Painter, who became one of the 'Glasgow Boys'. Born in East Renfrewshire, Walton trained briefly in Dusseldorf (Germany), before returning to study at the Glasgow School of Art. Here he met, and began to paint with, James Guthrie (1859 - 1930) and Joseph Crawhall (1861 - 1913). The group later widened to include George Henry (1858 - 1943) and John Lavery (1856 - 1941), and became known as the 'Glasgow Boys'. Walton acquired a studio in Cambuskenneth (Stirling) in the late 1880s and many of the Glasgow Boys were visitors.
Walton is recognised as one of the leading Scottish painters of his generation, specialising in both portraits and landscape subjects. He used detailed textures in his work and typically offset pure whites, symbolising the innocence of his subjects, against contrasting dark backgrounds. This technique reflected the influence of the English artist James Whistler, who Walton greatly admired. The two were friends and Walton led a campaign to persuade the Glasgow City Corporation to buy Whistler's portrait of Thomas Carlyle (1795 - 1881), the first of his works purchased by a public body. Walton moved to London in 1894 and became a neighbour of Whistler. Walton had a studio in Cheyne Walk (Chelsea), where he painted until 1904, when he was persuaded to return to Scotland by James Guthrie and settled in Edinburgh, specialising in portraiture.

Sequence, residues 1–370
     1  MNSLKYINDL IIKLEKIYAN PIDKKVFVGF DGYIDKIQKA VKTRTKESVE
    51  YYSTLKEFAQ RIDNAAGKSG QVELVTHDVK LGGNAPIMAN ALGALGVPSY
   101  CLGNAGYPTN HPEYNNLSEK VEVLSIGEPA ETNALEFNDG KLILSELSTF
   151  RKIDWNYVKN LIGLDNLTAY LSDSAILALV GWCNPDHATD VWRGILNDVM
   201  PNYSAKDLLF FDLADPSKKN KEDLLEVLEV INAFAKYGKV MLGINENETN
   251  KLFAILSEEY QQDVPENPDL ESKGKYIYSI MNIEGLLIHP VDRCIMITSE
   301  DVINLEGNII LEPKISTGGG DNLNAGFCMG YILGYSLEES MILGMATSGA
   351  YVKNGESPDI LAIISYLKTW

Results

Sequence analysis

Walton's son was to become Professor of Botany at the University of Glasgow.